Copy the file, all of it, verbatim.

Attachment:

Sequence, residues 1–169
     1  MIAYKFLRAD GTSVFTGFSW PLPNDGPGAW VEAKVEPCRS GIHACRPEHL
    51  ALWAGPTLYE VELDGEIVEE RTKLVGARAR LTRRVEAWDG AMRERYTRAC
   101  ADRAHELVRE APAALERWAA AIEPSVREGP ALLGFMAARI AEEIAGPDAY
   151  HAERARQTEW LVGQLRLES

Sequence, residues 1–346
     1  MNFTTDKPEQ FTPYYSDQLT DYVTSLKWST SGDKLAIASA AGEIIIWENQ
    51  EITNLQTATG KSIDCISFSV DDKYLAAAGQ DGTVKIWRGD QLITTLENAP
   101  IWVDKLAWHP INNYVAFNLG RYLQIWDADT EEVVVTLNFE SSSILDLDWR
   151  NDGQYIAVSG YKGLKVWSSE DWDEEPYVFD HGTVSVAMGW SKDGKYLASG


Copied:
Sequence, residues 1–169
     1  MIAYKFLRAD GTSVFTGFSW PLPNDGPGAW VEAKVEPCRS GIHACRPEHL
    51  ALWAGPTLYE VELDGEIVEE RTKLVGARAR LTRRVEAWDG AMRERYTRAC
   101  ADRAHELVRE APAALERWAA AIEPSVREGP ALLGFMAARI AEEIAGPDAY
   151  HAERARQTEW LVGQLRLES

Sequence, residues 1–346
     1  MNFTTDKPEQ FTPYYSDQLT DYVTSLKWST SGDKLAIASA AGEIIIWENQ
    51  EITNLQTATG KSIDCISFSV DDKYLAAAGQ DGTVKIWRGD QLITTLENAP
   101  IWVDKLAWHP INNYVAFNLG RYLQIWDADT EEVVVTLNFE SSSILDLDWR
   151  NDGQYIAVSG YKGLKVWSSE DWDEEPYVFD HGTVSVAMGW SKDGKYLASG